Jacob left Beer-sheba, and went toward Haran.  And he came to a certain place, and stayed there that night, because the sun had set. Taking one of the stones of the place, he put it under his head and lay down in that place to sleep.  And he dreamed [and here it is] that there was a ladder set up on the earth, and the top of it reached to heaven; and behold, the angels of God were ascending and descending on it!  And behold, the Lord stood above it and said, “I am the Lord, the God of Abraham your father and the God of Isaac; the land on which you lie I will give to you and to your descendants; and your descendants shall be like the dust of the earth, and you shall spread abroad to the west and to the east and to the north and to the south; and by you and your descendants shall all the families of the earth bless themselves.  Behold, I am with you and will keep you wherever you go, and will bring you back to this land; for I will not leave you until I have done that of which I have spoken to you.” Then Jacob awoke from his sleep and said, “Surely the Lord is in this place; and I did not know it.”  And he was afraid, and said, “How awesome is this place! This is none other than the house of God, and this is the gate of heaven.”

So, Jesus.  Hang around, Nathanael.  Walk along this road back toward our little country villages.   And see Jacob’s dream come to life and fulfillment, in what you see in me.   The joining of heaven and earth, the miracle of Christmas, the Manifestation of Epiphany.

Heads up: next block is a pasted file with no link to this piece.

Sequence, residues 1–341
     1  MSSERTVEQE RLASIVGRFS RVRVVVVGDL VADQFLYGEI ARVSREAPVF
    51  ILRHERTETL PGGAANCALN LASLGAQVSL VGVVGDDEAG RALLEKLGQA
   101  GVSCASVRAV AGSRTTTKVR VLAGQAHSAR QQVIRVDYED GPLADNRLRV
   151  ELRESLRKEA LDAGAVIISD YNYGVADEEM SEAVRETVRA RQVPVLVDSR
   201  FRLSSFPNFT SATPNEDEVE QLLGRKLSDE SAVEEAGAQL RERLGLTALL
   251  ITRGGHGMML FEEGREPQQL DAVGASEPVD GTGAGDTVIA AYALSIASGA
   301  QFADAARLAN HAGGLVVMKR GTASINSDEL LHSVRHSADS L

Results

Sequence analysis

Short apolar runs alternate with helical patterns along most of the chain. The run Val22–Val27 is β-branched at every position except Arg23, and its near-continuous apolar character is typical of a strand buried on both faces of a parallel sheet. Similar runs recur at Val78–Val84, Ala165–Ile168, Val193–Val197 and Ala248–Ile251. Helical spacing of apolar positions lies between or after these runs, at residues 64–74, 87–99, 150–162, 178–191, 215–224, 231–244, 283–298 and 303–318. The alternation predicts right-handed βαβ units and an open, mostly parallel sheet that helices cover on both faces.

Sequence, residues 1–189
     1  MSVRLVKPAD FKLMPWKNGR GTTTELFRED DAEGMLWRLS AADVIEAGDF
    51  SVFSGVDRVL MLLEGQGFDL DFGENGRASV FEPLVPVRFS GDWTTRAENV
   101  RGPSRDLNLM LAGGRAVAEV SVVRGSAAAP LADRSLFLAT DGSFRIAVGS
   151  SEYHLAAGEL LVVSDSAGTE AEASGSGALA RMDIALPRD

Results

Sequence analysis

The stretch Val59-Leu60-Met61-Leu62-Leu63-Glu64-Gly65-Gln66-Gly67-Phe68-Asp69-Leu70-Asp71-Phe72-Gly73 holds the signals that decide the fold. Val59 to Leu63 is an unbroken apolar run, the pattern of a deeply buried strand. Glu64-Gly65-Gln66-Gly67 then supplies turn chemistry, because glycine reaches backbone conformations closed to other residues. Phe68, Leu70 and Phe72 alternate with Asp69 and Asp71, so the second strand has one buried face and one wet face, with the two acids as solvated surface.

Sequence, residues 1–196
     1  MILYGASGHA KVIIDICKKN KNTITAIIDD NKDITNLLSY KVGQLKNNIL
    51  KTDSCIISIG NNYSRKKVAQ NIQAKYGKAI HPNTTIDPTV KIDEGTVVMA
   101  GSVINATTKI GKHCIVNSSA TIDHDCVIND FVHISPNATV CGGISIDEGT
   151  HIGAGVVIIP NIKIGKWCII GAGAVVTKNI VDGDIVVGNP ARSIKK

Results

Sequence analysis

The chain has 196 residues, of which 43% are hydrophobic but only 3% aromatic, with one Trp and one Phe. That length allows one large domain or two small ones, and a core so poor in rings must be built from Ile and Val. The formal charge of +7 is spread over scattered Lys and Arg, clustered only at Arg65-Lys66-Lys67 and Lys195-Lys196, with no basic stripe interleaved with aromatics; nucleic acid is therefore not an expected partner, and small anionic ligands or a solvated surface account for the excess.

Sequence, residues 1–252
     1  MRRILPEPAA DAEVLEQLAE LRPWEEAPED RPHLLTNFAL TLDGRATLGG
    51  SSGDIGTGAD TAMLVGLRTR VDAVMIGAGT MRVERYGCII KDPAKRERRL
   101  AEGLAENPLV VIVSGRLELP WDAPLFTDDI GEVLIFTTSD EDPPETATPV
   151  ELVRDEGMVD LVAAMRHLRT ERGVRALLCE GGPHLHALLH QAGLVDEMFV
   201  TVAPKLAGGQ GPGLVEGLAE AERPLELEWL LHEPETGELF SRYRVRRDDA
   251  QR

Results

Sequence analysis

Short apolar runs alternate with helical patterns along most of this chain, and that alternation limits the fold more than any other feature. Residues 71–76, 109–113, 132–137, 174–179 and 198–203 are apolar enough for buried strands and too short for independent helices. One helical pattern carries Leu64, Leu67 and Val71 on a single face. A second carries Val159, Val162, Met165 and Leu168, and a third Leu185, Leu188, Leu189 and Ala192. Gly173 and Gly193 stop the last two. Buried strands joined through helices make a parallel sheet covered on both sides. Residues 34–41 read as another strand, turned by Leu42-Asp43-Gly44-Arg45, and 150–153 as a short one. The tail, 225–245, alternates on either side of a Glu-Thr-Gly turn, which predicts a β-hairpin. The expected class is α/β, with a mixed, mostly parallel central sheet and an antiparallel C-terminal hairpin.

An unexpected place, not because it is so far away, but because it’s right here, just a campsite on the open road, nothing special.  But revealed there: open your eyes to see it,  the gate of heaven.  God acting to restore and renew all things, and each of us.  God revealing himself.  Not the way we expected, not at some expected hour or in some dramatic technicolor rain of lightning bolts pouring down from heaven, but right here with us in our real world.  Jacob’s dream leaping over centuries, anticipation and foreshadowing, to catch this glimpse of what God would do once and for all.  Christ, the ladder.   Word made flesh-- his life-giving body, the door, the House of God, the gate of heaven.

On the Roman Catholic Calendar these weeks after the Epiphany and the weeks after Trinity Sunday are called “Ordinary Time.”  Not a very poetic phrase, but one to pause with.  Because that’s where we are.  Ordinary people, ordinary places, ordinary time.  And right here, midwinter Highland Park, or in any place, in every place, when we are in the presence of Jesus, “the house of God, the gate of heaven.”  Which is what Christmas and Epiphany are all about, really. It is a miracle, and it can be a miracle for us. Invitations for each of us to follow Peter and Andrew, and Philip, and Nathanael, and to bring ourselves in heart and mind into his presence:  This, this is Christ the King, whom shepherds guard and angels sing.  Haste, haste, to bring him laud, the Babe, the son of Mary.